Ferromagnetism

Most materials have a small response to magnetic fields. Silver, lead, and copper slightly repel magnets of either polarity. This effect is called diamagnetism. Aluminum, magnesium, and tungsten slightly attract magnets of either polarity. These materials are called paramagnetic. In both cases the forces are so small that it takes sensitive instruments to detect them. Read the text aloud
Some materials such as iron, however, are strongly attracted to magnets of either polarity. Your fingers can easily feel the attraction of a steel paper clip to a magnet. Iron, cobalt, and nickel belong to a special class of ferromagnetic materials. Ferromagnetic substances become magnetized and experience strong magnetic forces in the presence of external magnets. Read the text aloud
Magnetic fields of atoms in an unmagnetized material are randomly aligned and cancel each otherThe magnetic properties of matter come from the magnetic properties of atoms. Each atom acts as a tiny magnet. In most materials the orientation of the atoms is random, so the atomic magnetic fields cancel each other out. In permanent magnets, however, the atoms are, on average, slightly more aligned in one direction than all others. This partial alignment explains why there are permanent magnets. Read the text aloud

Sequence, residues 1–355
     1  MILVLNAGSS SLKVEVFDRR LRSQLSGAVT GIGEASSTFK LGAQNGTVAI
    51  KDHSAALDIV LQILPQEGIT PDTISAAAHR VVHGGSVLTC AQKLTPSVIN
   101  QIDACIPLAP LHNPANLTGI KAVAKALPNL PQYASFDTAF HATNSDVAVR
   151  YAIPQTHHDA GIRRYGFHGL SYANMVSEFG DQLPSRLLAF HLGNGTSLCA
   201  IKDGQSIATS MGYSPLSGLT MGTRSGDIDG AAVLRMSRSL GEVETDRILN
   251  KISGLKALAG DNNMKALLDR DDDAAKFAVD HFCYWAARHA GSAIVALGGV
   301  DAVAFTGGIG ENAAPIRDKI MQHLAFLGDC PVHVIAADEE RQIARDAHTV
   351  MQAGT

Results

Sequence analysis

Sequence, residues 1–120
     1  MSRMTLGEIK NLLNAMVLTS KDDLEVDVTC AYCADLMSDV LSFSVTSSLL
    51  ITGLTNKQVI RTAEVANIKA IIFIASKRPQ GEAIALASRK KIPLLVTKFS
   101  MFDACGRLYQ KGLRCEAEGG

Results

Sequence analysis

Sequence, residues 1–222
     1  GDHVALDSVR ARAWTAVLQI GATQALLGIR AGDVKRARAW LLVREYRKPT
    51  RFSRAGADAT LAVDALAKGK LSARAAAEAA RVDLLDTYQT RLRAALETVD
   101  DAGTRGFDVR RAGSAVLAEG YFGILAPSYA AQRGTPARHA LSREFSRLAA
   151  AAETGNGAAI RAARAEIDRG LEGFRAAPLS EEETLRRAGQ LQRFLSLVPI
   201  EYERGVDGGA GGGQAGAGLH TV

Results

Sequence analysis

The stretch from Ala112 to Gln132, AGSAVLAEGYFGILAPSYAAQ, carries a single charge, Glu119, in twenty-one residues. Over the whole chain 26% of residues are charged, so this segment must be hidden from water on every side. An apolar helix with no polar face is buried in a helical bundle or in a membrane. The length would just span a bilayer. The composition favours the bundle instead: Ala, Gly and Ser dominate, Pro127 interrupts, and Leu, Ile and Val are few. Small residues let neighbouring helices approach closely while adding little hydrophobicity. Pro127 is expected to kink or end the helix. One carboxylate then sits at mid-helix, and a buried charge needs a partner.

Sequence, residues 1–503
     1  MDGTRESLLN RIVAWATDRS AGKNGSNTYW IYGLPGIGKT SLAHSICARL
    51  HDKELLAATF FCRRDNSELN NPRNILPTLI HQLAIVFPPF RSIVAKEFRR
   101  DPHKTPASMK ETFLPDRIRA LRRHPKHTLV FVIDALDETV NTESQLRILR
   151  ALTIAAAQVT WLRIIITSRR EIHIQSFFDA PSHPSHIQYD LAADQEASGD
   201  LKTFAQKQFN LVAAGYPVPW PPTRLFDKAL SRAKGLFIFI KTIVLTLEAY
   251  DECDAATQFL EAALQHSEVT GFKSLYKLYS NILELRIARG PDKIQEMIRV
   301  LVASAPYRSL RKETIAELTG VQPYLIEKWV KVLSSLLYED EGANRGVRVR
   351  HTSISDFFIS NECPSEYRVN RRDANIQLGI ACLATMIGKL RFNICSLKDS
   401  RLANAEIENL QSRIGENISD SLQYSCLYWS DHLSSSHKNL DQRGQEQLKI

Magnetic domains in ferromagnetic materialsThe property that makes iron ferromagnetic is that it only takes a small amount of energy for an iron atom to flip its magnetic axis. Groups of iron atoms form magnetic domains. The atoms within a single domain have a similar magnetic alignment. Magnetic domains are small, from 10−6 to 10−4 m. In unmagnetized iron, adjacent domains are randomly scrambled, leaving an overall average magnetic field of zero. Read the text aloud
Aligning of magnetic domains in response to an external magnetic fieldWhen an external magnet is brought near iron, magnetic domains attracted to the external magnet gain atoms and grow because iron atoms can easily change their magnetic orientation. Domains repelled by the external magnet lose atoms and shrink. The migration of atoms into attractive domains quickly magnetizes a volume of iron to attract either pole of the external magnet. Ferromagnetic materials are crucial to many technologies such as motors and generators. Read the text aloud

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